- Federal government announces $10 million funding for Support Act - April 9, 2020
- Lucifungus unleash ‘Burn the World’, a post-doom succession of battering guitar riffs and bruising drum parts - April 4, 2020
- The Burley Griffin return with ‘Still Waters’, a wide sweep of a musical landscape captured with snapshot clarity and impassioned care - April 4, 2020
Describe your sound.
Our sound is built by tangling guitar riffs and atmospheric loops over hip-hop beats, synths and choral vocals. It’s part pop, part not.
Michael Bones and Miller Rouse
Where did your band name come from?
The verb ‘teem’ means to be full of or swarming with, and reflects how we think about music.
Who are your influences, musical or otherwise?
Our influences for this project are any band that writes harmonised guitar lines – Queen, Television, The Strokes, Ratatat – and hip-hop artists like Jonwayne, Earl Sweatshirt and Brock Berrigan.
What’s the most memorable experience you’ve had while performing?
Playing a TEEM live show is like tap dancing on a knife. Between the two of us we run six-channels of guitars loops, Ableton Push, synths and we sing.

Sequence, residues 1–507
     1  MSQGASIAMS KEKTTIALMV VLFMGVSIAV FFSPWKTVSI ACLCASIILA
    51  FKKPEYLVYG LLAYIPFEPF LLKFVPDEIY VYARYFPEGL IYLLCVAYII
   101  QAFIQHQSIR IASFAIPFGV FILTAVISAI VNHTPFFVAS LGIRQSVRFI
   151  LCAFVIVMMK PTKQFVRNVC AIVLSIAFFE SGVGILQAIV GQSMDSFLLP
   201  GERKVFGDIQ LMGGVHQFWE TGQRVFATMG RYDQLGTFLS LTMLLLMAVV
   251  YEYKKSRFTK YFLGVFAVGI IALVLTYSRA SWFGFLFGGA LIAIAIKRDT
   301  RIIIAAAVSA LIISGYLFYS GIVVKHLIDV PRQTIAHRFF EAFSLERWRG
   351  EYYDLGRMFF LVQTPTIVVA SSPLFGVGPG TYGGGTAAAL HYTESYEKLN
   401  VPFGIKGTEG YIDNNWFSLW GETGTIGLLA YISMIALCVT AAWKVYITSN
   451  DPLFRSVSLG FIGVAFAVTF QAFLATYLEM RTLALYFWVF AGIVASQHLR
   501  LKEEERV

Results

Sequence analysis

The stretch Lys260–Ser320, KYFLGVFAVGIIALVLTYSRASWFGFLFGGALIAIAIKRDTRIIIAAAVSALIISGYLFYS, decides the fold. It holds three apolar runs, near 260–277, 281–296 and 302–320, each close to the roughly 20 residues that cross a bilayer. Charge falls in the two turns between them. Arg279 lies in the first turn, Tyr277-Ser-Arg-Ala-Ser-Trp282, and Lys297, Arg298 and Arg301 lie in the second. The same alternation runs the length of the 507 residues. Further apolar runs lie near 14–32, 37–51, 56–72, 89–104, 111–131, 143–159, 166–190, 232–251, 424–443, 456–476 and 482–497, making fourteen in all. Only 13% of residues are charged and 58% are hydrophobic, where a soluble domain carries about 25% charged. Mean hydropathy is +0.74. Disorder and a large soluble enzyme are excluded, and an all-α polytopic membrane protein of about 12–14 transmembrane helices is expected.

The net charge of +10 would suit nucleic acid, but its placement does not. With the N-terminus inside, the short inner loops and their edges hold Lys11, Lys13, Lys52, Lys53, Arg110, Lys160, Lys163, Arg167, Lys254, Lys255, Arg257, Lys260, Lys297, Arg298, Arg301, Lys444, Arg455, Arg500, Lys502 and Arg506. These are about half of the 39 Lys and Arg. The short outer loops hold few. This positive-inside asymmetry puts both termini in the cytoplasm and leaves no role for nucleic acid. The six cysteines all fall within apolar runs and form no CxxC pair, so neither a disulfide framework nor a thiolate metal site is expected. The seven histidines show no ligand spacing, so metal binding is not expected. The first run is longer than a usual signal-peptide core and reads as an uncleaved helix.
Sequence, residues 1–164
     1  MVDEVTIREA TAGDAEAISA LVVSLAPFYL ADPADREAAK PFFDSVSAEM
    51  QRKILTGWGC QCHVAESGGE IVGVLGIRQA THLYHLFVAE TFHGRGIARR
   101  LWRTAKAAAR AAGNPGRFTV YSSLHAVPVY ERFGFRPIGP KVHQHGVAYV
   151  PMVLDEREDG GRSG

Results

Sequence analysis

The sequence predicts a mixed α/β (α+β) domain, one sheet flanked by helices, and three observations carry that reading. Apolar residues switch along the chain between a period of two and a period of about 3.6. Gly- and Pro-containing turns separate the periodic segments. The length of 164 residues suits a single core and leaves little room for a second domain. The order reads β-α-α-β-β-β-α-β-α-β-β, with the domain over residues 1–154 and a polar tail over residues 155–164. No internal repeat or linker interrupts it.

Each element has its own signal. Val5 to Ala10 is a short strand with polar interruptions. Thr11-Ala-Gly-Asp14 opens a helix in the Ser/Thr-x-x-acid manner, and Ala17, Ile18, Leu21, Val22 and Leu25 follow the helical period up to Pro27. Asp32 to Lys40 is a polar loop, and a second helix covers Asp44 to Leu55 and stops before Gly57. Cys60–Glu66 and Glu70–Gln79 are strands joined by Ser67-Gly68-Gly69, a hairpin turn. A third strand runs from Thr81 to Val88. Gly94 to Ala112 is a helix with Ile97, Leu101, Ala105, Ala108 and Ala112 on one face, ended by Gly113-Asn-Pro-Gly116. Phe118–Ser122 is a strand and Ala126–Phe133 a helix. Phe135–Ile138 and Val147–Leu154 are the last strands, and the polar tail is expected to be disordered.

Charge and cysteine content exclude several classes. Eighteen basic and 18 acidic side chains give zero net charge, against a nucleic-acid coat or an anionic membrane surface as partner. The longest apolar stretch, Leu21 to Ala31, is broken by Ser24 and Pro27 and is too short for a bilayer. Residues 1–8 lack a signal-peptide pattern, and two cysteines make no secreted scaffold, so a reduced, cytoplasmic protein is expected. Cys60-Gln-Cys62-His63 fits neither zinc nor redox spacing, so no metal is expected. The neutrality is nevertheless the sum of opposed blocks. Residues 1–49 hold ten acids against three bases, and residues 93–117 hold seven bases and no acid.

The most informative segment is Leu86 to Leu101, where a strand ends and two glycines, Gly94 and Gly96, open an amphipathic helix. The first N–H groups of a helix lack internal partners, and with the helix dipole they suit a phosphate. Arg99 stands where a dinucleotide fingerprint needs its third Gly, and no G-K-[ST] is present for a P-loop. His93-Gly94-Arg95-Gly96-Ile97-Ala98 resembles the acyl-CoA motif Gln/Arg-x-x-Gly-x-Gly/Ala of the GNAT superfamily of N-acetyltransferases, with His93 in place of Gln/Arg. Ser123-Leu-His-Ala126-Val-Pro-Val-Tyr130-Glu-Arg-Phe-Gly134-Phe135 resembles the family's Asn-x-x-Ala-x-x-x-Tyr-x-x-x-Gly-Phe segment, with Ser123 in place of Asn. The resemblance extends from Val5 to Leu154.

Our last gig was at Transit with Borneo. We got through our set with minimal stuff ups and didn’t embarrass ourselves. We were stoked.
Of what are you proudest so far?
Releasing our debut single, ‘Kronk’. It’s a great feeling to pull a song out of your head and into the world.
What are your plans for the future?
We’re finishing off our album, organising a tour and making an animated video for ‘Kronk’ with Canberra artist, Mei Wilkinson, which we’re really excited about.
What makes you laugh?
Eric Andre, Tim and Eric, Donald Trump.
What pisses you off?
President Donald Trump.
What about the Canberra scene would you change?
The temperature. A few more venues.
What are your upcoming gigs?
Smiths Alternative on Sunday July 9. It’s the day after Bones’ birthday, so could be the sloppiest set yet.